Wrongly convicted boxer Rubin ‘Hurricane’ Carter dies at 76


Rubin “Hurricane” Carter, the boxer famously convicted for murder and spent 19 years in prison before the charges were dismissed, has died at age 76. According to numerous reports, Carter died of prostate cancer early this morning at his home in Toronto. Carter founded the nonprofit organization Innocence International in Toronto to assist inmates who are possibly wrongly convicted.

Rubin Carter was a rising star in middleweight boxing in the early 1960s and lost a bout for the middleweight championship in 1964. Carter was convicted twice of fatally shooting two men and a woman in a Paterson, N.J., tavern called the Lafayette Grill in 1966, but the verdicts were later overturned due to misconduct. Despite witness testimony that placed both Carter and another defendant, John Artis, elsewhere the night of the killings, Mr. Carter received 30 years to life and Mr. Artis 15 years to life. Their appeals were denied unanimously by the New Jersey Supreme Court. Racial bias played a huge role in the case, with suppressed evidence and recanted testimony surfacing later.

As he battled for his freedom throughout the 1970s, professional athletes, civil rights activists and other celebrities rallied behind Carter’s cause. Singer-songwriter Bob Dylan famously released the 1976 hit “Hurricane” in support of Carter. He was also later the subject of the Norman Jewison-directed 1999 film Hurricane, which featured an Oscar-nominated performance from Denzel Washington as Carter.

The complexities of Carter’s life and personality were often glossed over by the public. He admittedly alienated many people who supported him over the years, but his focus on clearing his name led to him becoming an impassioned advocate for prisoners. He studied law, history, religion and philosophy while incarcerated, and became a hero to many inmates due to his intelligence and outspoken nature. Authorities acknowledged that Carter calmed rioters at Rahway State Prison in 1971, and one prison guard reportedly credited Mr. Carter with saving his life during the melee.

In the summer of 1974, the New Jersey Public Defender’s Office and The New York Times obtained recantations from witnesses Alfred P. Bello and Arthur D. Bradley, who now stated that detectives had pressured them into falsely identifying Mr. Carter and Mr. Artis. Both witnesses said they were promised leniency regarding their own crimes for cooperating in the case against Carter. His guilty verdicts were overturned and a new trial was granted. Muhammad Ali attended Carter’s pre-trial hearing and fund-raising concerts for his legal defense were held at Madison Square Garden and the Houston Astrodome featuring Dylan, Joni Mitchell, Roberta Flack and Joan Baez.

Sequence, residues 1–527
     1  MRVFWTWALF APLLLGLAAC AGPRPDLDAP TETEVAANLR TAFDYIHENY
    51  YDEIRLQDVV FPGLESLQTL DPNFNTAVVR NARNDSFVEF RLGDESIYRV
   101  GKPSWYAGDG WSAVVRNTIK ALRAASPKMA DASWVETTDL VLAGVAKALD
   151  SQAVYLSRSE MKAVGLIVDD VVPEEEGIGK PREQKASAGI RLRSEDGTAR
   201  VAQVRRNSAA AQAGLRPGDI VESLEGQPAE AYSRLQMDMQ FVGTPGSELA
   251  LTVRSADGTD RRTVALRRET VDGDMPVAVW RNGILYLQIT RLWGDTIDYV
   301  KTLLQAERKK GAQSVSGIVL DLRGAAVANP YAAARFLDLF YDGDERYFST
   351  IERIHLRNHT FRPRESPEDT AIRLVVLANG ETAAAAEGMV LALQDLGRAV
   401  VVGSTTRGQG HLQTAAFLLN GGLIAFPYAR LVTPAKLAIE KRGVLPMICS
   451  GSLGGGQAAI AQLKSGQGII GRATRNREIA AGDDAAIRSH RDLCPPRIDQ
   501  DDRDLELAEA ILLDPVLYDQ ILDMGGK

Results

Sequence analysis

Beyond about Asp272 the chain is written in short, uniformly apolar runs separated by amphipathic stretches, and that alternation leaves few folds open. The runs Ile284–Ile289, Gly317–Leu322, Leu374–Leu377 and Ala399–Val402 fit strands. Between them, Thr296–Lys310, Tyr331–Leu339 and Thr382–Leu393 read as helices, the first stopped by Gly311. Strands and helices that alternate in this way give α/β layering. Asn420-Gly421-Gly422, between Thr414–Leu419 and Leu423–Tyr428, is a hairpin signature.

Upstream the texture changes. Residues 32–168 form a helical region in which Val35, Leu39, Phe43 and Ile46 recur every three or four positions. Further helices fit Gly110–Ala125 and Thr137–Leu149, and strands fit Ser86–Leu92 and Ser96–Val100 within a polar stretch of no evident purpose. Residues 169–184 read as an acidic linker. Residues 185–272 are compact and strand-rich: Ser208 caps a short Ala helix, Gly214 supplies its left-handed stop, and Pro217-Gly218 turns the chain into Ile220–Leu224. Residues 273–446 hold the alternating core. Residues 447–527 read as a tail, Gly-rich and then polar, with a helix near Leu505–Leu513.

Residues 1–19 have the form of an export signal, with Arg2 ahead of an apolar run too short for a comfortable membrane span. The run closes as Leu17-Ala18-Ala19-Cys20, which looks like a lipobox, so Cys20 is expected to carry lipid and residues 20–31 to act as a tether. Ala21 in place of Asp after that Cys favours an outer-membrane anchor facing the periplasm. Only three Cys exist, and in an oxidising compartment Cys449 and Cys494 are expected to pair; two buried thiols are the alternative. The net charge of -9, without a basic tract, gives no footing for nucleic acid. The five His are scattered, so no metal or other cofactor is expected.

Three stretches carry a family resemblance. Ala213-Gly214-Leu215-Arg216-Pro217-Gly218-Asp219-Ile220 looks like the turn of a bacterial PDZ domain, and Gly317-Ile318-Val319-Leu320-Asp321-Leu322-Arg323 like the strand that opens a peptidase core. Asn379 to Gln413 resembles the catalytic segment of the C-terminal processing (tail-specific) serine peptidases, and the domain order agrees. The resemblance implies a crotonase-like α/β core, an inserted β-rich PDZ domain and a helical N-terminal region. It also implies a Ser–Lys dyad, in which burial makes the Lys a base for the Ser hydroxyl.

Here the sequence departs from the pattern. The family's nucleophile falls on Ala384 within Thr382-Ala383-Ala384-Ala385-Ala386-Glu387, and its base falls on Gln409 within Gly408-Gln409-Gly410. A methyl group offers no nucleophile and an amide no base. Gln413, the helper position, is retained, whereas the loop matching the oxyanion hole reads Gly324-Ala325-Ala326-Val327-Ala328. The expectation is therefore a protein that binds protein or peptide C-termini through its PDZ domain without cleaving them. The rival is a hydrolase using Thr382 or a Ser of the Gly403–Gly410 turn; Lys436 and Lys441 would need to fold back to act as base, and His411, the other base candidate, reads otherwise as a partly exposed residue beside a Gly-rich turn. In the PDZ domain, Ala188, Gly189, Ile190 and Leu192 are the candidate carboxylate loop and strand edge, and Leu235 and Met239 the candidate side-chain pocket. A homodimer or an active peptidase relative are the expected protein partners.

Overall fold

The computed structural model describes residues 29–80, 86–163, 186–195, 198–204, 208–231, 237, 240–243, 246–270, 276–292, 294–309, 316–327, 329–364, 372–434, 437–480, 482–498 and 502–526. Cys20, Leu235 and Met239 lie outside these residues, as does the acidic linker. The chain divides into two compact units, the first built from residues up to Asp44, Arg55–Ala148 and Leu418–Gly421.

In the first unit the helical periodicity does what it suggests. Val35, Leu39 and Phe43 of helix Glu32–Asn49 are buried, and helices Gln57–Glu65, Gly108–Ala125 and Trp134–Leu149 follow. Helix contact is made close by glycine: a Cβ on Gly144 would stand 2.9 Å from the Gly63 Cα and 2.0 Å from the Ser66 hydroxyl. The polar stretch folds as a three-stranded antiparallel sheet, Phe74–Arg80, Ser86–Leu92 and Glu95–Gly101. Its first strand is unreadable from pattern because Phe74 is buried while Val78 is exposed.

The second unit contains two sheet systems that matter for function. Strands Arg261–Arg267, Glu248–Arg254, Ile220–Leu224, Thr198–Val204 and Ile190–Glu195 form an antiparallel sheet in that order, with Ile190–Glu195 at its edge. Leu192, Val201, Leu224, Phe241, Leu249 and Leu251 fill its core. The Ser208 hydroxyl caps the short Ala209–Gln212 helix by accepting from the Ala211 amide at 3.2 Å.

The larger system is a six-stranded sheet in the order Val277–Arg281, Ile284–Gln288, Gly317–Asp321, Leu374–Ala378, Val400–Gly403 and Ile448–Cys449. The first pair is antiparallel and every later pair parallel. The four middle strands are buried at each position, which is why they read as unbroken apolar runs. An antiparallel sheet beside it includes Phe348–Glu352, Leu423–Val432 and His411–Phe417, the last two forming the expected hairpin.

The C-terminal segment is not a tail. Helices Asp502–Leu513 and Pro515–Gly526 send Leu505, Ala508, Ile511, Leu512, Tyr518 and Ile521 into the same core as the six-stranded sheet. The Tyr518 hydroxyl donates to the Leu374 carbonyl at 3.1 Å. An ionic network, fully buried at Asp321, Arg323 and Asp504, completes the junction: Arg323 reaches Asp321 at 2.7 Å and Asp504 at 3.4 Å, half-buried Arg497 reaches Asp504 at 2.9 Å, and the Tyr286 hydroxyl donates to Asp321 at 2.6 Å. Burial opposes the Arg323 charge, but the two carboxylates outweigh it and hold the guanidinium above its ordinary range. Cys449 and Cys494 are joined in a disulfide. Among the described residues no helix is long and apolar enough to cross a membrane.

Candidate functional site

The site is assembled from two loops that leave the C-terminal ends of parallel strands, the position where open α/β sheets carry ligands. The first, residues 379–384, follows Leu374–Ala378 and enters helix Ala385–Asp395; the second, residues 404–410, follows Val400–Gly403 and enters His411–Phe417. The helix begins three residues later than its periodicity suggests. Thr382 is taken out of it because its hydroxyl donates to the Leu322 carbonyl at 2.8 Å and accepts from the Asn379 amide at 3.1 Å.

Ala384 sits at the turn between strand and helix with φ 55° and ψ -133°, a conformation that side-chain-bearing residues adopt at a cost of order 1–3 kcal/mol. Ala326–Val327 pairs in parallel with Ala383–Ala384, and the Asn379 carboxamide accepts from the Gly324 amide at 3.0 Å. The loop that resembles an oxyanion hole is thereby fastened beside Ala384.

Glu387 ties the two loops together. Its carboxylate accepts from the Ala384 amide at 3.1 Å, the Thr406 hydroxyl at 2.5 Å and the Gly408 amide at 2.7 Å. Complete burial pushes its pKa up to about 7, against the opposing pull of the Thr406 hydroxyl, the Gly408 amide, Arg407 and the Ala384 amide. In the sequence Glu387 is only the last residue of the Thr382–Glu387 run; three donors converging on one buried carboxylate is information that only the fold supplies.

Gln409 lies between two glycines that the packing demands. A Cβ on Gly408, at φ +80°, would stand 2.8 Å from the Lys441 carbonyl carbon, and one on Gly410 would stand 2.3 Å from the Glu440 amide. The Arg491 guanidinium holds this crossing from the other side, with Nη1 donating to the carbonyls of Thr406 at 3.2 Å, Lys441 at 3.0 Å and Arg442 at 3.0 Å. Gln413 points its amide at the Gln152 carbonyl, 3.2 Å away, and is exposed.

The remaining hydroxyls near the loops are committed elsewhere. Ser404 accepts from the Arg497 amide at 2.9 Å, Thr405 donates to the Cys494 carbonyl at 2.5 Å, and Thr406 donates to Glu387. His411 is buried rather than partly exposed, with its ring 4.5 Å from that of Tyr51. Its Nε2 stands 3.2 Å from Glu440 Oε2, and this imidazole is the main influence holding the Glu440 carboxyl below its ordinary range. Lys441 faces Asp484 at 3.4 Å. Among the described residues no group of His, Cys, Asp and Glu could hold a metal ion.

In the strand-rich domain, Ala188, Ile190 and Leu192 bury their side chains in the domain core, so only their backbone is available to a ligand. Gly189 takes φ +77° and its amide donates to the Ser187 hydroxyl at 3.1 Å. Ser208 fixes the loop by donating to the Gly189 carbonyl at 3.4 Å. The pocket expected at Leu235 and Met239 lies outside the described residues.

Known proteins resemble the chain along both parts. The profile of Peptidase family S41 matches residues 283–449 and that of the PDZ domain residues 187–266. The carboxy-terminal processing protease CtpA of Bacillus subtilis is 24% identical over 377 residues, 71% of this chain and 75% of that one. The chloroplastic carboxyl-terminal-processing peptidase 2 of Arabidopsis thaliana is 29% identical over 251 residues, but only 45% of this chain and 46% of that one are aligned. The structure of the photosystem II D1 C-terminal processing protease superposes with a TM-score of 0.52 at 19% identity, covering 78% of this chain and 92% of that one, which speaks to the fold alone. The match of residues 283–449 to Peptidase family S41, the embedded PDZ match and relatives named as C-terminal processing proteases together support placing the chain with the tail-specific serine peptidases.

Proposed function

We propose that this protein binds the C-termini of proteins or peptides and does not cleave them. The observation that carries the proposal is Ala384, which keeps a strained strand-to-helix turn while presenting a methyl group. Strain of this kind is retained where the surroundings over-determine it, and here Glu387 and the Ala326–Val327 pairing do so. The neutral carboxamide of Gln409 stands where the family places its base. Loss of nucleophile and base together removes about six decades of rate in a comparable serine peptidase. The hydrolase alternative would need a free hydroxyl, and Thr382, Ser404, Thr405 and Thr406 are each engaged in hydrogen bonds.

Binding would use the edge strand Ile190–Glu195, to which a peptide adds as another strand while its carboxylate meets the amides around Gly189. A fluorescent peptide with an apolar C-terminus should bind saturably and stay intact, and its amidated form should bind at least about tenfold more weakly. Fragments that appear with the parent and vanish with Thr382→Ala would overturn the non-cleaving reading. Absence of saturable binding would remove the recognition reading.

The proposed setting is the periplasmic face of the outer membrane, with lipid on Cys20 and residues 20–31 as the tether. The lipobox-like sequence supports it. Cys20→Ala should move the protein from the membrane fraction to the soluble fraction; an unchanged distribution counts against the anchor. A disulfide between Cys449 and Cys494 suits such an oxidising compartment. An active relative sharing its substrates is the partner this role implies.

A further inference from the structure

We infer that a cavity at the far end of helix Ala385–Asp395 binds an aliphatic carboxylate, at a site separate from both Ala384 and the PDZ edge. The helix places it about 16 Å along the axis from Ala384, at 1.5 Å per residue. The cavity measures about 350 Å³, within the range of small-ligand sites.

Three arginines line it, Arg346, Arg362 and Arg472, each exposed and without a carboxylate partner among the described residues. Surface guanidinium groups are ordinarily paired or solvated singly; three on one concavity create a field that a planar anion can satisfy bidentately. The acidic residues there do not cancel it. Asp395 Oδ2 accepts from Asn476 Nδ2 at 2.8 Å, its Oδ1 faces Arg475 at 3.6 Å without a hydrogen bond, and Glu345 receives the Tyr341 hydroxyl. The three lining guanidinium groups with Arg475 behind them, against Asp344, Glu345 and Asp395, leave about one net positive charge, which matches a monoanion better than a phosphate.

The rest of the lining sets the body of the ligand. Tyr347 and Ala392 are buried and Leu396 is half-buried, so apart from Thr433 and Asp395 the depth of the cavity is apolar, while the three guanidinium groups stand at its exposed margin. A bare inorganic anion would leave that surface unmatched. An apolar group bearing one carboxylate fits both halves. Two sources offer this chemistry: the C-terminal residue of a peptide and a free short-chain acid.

In 1976 at the second trial, prosecutors revisited an earlier claim that the defendants had committed the Lafayette Grill murders in retaliation for a black tavern owner’s earlier murder. Mr. Bello again appeared as a witness for the prosecution and again claimed Carter was at the scene of the crime. Carter and Artis were sent back to prison.

In 1985, the charges were brought before a federal judge after nine years of failed appeals. Judge H. Lee Sarokin of United States District Court in Newark overturned the convictions on constitutional grounds; ruling that the prosecutors had “fatally infected the trial” by withholding evidence and resorting to their race-revenge theory with no proof. Hurricane Carter was freed. Artis had been paroled four years earlier. The charges against both were formally dismissed in 1988, 22 years after the convictions.

Rubin Carter would go on to found Innocence International in 2004 and became a prominent public speaker, denouncing inequities in the criminal justice system. He published an autobiography, “Eye of the Hurricane: My Path From Darkness to Freedom” in 2011. In his last months, he fought valiantly for the exoneration of Brooklyn man David McCallum, imprisoned since 1985 for murder.

“Just as my own verdict ‘was predicated on racism rather than reason and on concealment rather than disclosure,’ as Sarokin wrote, so too was McCallum’s,” Mr. Carter wrote in an article published two months ago by the New York Daily News. “If I find a heaven after this life, I’ll be quite surprised. In my own years on this planet, though, I lived in hell for the first 49 years, and have been in heaven for the past 28 years. To live in a world where truth matters and justice, however late, really happens, that world would be heaven enough for us all.”

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